Mitigating travel risk should be approached proactively, not in reaction to a crisis, says Blue Cube's Bex Deadman
In my early 20s my boyfriend and I had an extraordinary travel adventure in Thailand, but towards the end of our stay, in a restaurant just off the tourist trail, we were suddenly confronted by an angry gun-toting local and his machete-wielding mate. Imagine how I explained that later over a dodgy internet café connection to my Mum back home in the UK.
Throughout my 20-plus years in travel, I’ve never lost sight of how, through no fault of your own and anywhere in the world, you can suddenly find yourself in a dangerous, life-threatening situation. So, I’m pioneering to make business travel safer, but also more rewarding and sustainable for travellers.
Historically, traveller safety only improves when change is forced on the industry and, typically, in the wake of a crisis. Think of extra security at airports and on planes post 9/11.
For the first time, ever, the Covid-triggered travel shutdown has given our industry the chance to be proactive – not reactive – in making business travel safer.
The critical question isn’t just about tracking your travellers and knowing where they are in a crisis, it’s how you prepare them for such incidents and what your organisation actually does as the next step to keep them safe.
Travelling by air is extremely safe, with an average of one fatality for every 287 million passengers carried by UK airlines (compared to a one in 17,000 chance of being killed in a road accident).
For the first time, ever, the Covid-triggered travel shutdown has given our industry the chance to be proactive
But what might not spring to mind is what can happen in hotels. For instance, a single London postcode with a high density of five-star hotels saw 4,113 incidents of crime in January 2019, including cybercrime – data hacked from business laptops – hidden among 1,115 (28%) reported cases under the ‘Other Theft’ category. Not all took place in hotels, but we can’t blindly assume that none affected business travellers.
Outside the box
Familiarity breeds contempt but market innovations challenge established travel modes too and often, by operating outside existing legislation or industry norms, they can represent even more risk.
Today, Airbnb has 5.6 million registered listings worldwide and in the UK alone Uber has 70,000 ride-hailing drivers, many working a few hours as a second job to top up earnings. By contrast, there are 69,600 licenced taxi drivers.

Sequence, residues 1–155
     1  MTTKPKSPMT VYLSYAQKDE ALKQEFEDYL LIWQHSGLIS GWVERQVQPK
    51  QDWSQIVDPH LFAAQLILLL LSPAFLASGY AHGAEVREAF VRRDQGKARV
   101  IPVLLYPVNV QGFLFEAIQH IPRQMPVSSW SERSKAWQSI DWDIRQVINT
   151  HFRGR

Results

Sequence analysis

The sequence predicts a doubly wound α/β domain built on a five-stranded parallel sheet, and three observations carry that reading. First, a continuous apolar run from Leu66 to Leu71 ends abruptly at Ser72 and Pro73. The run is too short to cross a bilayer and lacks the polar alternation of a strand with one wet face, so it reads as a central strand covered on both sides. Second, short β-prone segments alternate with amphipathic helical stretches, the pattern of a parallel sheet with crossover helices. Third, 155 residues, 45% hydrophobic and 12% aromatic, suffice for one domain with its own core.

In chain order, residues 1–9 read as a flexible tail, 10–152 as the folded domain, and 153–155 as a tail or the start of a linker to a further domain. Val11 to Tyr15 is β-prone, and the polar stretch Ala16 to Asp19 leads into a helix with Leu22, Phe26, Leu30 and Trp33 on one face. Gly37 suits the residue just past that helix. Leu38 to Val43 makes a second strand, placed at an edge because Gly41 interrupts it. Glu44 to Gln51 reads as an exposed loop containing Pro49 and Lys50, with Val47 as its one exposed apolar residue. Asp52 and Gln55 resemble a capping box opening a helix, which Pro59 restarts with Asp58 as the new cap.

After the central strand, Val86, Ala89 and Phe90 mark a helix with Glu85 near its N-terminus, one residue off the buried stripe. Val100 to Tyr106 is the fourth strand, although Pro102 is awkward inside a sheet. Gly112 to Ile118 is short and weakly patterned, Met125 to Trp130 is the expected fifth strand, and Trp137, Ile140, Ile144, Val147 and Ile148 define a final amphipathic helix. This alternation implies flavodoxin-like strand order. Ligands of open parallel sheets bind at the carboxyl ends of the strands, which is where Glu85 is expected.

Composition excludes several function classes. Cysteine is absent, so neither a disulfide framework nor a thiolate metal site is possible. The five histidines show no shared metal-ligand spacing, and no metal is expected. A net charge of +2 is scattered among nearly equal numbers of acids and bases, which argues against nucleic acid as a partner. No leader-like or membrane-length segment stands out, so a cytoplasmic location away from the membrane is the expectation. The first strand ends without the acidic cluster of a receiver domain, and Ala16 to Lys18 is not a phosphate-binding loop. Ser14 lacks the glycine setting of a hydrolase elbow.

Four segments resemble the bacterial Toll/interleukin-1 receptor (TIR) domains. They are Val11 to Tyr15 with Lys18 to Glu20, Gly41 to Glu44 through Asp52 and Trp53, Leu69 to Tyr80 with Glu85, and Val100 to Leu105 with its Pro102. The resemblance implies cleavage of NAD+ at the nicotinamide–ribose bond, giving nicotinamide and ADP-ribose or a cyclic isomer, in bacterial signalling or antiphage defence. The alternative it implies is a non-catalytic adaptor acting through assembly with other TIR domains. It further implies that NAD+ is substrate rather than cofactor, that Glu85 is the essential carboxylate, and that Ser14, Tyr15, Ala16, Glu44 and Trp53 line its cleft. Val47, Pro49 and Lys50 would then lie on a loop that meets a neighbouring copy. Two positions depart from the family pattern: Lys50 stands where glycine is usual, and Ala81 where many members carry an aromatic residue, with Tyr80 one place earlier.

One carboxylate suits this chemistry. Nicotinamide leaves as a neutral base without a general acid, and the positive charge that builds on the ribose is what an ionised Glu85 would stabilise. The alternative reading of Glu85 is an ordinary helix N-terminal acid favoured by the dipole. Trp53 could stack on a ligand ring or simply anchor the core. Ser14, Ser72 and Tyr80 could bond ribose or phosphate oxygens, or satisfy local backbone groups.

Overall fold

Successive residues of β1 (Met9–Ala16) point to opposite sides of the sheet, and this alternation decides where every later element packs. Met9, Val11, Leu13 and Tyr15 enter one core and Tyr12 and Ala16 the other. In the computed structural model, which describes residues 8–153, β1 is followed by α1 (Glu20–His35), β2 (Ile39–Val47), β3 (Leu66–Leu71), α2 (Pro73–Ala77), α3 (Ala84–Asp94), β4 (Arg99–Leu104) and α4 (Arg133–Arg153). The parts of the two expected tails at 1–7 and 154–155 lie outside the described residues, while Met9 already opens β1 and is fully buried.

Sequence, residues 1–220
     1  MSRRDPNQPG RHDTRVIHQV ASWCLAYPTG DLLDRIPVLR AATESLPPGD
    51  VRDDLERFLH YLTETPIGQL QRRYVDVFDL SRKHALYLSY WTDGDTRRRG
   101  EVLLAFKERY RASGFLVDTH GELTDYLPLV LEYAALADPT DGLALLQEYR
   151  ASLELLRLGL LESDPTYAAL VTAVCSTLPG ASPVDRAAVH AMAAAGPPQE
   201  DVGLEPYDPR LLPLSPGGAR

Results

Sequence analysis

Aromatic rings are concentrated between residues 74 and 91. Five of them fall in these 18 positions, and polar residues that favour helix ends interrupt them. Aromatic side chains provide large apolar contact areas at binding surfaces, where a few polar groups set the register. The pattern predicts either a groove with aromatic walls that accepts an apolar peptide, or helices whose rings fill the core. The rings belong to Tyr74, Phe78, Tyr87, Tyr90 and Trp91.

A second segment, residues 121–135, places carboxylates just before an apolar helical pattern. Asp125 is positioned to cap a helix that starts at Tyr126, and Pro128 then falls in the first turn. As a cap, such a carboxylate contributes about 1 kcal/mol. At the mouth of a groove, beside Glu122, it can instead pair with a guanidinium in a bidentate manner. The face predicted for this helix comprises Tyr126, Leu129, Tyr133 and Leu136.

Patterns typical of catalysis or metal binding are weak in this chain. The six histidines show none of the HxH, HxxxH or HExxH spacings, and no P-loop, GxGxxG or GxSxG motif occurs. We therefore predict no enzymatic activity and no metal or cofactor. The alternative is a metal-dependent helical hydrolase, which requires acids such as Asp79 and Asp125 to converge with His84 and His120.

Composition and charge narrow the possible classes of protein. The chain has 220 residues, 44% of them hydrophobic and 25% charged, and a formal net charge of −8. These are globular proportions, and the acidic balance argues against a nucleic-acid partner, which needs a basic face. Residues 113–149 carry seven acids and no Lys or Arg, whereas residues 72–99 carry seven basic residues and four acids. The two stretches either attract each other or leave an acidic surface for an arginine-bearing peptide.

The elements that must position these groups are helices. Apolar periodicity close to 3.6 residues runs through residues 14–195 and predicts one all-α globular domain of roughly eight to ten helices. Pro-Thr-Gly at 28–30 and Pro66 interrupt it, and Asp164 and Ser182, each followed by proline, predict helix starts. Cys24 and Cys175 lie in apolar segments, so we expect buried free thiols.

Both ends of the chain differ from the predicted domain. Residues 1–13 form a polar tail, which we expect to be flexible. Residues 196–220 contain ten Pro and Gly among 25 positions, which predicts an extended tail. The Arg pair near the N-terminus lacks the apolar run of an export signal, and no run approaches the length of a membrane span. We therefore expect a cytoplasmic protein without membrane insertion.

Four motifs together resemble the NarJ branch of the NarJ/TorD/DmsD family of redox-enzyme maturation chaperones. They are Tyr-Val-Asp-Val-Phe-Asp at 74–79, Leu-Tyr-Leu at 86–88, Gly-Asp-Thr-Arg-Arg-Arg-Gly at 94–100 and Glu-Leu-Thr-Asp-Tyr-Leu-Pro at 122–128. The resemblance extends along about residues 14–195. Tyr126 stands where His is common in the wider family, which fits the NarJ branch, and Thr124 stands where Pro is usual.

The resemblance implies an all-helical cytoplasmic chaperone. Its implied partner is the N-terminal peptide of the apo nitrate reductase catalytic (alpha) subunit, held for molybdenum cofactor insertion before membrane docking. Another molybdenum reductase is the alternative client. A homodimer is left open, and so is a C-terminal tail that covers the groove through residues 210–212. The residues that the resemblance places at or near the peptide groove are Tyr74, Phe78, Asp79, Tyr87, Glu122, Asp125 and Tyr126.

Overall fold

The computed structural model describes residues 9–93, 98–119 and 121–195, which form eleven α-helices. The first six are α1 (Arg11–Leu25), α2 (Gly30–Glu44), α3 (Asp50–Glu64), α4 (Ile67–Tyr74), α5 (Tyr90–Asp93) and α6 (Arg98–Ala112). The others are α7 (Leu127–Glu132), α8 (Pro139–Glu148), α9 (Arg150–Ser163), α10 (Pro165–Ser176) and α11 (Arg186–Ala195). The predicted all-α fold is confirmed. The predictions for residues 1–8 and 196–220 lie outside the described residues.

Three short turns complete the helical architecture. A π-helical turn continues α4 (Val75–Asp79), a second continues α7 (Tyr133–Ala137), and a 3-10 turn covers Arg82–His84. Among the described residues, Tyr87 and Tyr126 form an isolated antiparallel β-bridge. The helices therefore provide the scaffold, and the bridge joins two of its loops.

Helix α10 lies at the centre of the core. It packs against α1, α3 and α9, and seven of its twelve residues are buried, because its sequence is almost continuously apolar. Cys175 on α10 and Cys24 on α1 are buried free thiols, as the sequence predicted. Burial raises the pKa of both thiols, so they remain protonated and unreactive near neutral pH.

What is needed now is a common global framework to meet the growing demand from corporates and to ensure suppliers behave more responsibly and actively support traveller wellbeing and mental health.
Internationally-recognised standards around hotel risk already exist but increased risk for travellers relating to every aspect of their trip needs to be addressed – from door to door and back again – where every service provider in the travel supply chain must step up.
The ISO 31030 Travel Risk Management standard is the framework the global travel industry needs – a roadmap for change
Self-regulation and industry schemes are laudable, but independent accreditation spanning processes and behaviour across the entire traveller journey is what’s needed now for the global travel industry to take care of its customers every step of the way.
The ISO 31030 Travel Risk Management standard is the framework the global travel industry needs – a roadmap for change.
You don’t need to strive for accreditation – that’s not possible yet. What you can do now is identify how your existing programme and policy measure up to the standard, identify gaps and understand how to address those – or in some cases, decide whether it’s relevant and business critical to your organisation.
For the UK, we’ve already taken a great step and I’m directly involved in an initiative with BSI to progress ISO 31030 Travel Risk Management to the point where UK businesses will be in the first market able to gain accreditation – and post-pandemic this will help make us a Business Ready Britain!